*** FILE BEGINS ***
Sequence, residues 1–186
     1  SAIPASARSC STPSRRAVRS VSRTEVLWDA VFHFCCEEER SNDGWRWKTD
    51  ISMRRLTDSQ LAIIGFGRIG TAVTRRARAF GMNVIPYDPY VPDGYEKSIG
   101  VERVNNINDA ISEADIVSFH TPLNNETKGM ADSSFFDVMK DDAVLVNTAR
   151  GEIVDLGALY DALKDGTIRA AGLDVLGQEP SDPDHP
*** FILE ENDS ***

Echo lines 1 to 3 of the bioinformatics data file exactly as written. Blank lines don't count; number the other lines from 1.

Sequence, residues 1–186
     1  SAIPASARSC STPSRRAVRS VSRTEVLWDA VFHFCCEEER SNDGWRWKTD
    51  ISMRRLTDSQ LAIIGFGRIG TAVTRRARAF GMNVIPYDPY VPDGYEKSIG